Bob Dylan once sang ‘Oh where have you been my blue-eyed son?’ I am, however, less lucid and more prone to exclaim ‘where the …. am I?’ Ferrero here covers getting a fix on your sea-position by taking bearings from the land and transferring to the chart. Basic triangulation. It then continues through latitude, longitude and grid reference to bearing and distance calculations. This is useful information both for the kayaker and the emergency services if needed.
This covers the use of tide tables, mean springs/neaps, local high water times from secondary ports, tidal streams and diamonds, flood/ebb arrows, tidal races and overfalls, tidal stream atlases and interpolation, pilot books, eddies and tidal stream speed. Plenty to get your teeth into! An illustration of calculations and chart markings brings much of it into perspective. Descriptions follow of how to calculate tidal stream speed at various stages of tide, the height of the tide and how to judge by eye. Quite a few exercises on this chapter!
Allowing for wind and tide.
What it says. The importance of planning in order to use the tide is made early on and definitions of both boat and ground speed are given. Tidal drift, cross tides, ferry glides, transits and shaping courses are all described and illustrations are aplenty along with mathematical equations and practical exercises. A common mistake is also highlighted. Wind is covered next, with head, tail and cross winds all covered. The Beaufort scale is reproduced along with explanations of its effects on kayaks. Correcting for wind is described but it is also stated that it is tricky – it is not as predictable as the tide. Exercises follow.
Relating GPS co-ordinates, bearings and waypoints to charts along with their use for handrailing is given along with warnings not to rely fully on these devices. Having had a battery run out in fog and coming in by compass myself I feel this is a very god point to make. Distances, speed, tidal rate, waypoints, mapping software are all mentioned. Pointers where traditional methods are superior are also given – ie shaping a course and avoiding accidents. Routes and cross track error are also described and brief mention is made of handheld chartplotters. I have an all-in-one fishfinder/chartplotter/GPS which I find to be a very useful item but my chart and compass are always with me too as both back-up and at-a-glance items. This is a relatively concise look at a wide and technical area. The subject of GPS, in my opinion, requires a book in itself but as an overview with some handy observations this chapter is a very useful inclusion, especially as GPS is becoming more widely used.
This makes mention of slack water, ferry gliding and timing. Calculations and chart examples are shown along with information on correcting for tide over time and advice on working the tide to your own advantage. A useful amount of varied illustrations and some relevant exercises help to make this one sink in.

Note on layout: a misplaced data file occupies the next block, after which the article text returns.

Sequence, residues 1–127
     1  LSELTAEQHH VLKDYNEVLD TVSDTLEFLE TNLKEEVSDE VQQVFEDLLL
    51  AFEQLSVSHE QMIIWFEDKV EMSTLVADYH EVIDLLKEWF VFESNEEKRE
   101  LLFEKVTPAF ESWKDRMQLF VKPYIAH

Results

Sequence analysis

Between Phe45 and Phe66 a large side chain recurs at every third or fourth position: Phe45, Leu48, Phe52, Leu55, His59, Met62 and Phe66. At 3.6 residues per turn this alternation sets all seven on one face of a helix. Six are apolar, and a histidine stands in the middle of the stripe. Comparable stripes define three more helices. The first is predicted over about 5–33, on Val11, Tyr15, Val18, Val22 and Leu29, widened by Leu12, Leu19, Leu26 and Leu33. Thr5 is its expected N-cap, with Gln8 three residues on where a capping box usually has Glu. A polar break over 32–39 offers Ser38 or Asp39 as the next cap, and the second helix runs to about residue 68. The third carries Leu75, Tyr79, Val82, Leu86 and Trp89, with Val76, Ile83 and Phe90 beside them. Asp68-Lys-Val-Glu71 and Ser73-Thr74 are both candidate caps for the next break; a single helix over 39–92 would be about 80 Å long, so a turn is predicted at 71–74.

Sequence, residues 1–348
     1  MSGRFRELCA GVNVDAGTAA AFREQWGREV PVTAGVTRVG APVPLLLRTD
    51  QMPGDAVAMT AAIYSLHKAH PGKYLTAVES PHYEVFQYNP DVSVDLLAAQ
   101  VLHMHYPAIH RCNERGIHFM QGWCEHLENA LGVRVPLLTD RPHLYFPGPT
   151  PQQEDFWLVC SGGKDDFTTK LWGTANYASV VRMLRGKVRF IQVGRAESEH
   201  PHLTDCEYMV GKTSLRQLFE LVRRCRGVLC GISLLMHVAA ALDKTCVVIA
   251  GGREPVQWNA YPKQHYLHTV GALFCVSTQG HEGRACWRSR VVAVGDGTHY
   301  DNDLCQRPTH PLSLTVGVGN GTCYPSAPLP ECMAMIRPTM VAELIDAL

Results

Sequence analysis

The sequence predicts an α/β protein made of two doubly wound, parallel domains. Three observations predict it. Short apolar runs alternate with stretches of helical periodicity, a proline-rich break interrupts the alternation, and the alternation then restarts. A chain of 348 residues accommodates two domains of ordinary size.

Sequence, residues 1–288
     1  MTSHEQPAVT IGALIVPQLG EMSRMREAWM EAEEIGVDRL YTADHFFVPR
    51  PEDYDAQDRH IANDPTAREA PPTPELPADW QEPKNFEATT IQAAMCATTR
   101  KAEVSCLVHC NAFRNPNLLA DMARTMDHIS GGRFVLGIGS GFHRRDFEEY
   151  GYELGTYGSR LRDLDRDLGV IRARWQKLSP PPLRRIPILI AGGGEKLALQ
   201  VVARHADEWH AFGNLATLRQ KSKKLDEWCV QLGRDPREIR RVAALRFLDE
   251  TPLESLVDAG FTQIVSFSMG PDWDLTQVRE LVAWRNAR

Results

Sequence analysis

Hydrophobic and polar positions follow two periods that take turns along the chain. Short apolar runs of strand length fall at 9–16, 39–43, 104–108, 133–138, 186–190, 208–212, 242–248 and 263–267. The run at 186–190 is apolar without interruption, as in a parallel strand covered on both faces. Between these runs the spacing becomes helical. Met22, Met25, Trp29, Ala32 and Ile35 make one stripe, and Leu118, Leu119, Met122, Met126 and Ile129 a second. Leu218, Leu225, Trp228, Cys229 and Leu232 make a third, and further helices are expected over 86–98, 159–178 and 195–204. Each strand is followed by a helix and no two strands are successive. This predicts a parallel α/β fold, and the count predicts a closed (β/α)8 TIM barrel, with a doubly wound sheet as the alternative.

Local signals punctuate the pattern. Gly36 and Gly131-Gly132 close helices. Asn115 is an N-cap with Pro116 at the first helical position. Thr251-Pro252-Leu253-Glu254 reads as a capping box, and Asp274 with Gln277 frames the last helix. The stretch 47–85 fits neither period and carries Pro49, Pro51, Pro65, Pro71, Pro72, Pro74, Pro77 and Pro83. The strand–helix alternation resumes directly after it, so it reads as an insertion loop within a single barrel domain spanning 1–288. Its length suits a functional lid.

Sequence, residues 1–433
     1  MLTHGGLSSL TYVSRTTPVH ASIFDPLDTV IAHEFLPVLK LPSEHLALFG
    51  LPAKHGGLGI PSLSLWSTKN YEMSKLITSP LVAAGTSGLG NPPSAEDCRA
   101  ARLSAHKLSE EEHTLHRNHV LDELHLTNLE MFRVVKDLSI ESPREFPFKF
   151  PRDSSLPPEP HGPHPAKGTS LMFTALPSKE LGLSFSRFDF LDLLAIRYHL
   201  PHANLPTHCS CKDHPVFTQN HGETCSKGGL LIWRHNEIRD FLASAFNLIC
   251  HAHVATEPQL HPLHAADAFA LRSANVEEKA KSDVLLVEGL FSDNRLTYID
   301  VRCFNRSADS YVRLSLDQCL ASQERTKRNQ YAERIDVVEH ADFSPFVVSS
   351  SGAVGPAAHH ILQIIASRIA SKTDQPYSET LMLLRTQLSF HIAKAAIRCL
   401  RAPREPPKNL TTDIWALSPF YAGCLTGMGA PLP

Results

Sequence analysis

This covers training, navigational information, safety equipment, night vision (very important, although it missed one important point – a red lens on your torch will not affect night vision). Tactics are all discussed for navigating and group paddling along with good pointers on leadership, control and communication.
Planning a Trip.
The last section, this is for the reader the culmination of the study. A fully marked chart is shown as an example along with a trip planner sheet (also available for download) which relates to the trip marked on the chart. Mathematical equations relating to this are shown along with a textual description behind it all. This puts it all into one place and if it all makes sense then you know you’ve read the book properly!
So, having had a brief tour and description of the book it is time to provide a personal opinion. Content and style are both well-suited to this manual and although a text-book as such the writing is engaging and therefore easy to absorb and keep reading. The author’s knowledge shines throughout which, as an advanced manual for sea kayak navigation, is comforting to say the least! The title of the book relates precisely what you are getting and it fills precisely that role. The content covers everything the reader would need to know in order to get on the water and head off for a long, navigational paddle incorporating the full range of considerations for the trip. If you absorb it all you will be well set-up for going out to sea. Though much information is given it rarely feels like being bombarded. Reading through is pleasant and dipping in couldn’t be easier (perhaps the best way to use this book other than as reference when planning in advance). The answers to the exercises are online at the Pesda Press website too so you can’t sneakily take a peek in the back of the book.
So, is it a worthwhile purchase?
Of course! For a tenner you are getting all the necessary information you’ll need on compass, map and chart work relating to sea conditions. That alone is worth the money. With quality production on top as a bonus it’s a cheap purchase. Is it an enjoyable book? Certainly – it’s a pleasant way to learn the knowledge and has lots of inspiration amongst its pages. Would I recommend it? I wouldn’t hesitate to. The only problem with it, for me, is that I haven’t got any negative things to say to balance out the review. Franco Ferrero didn’t even make any spelling mistakes! Thumbs up again.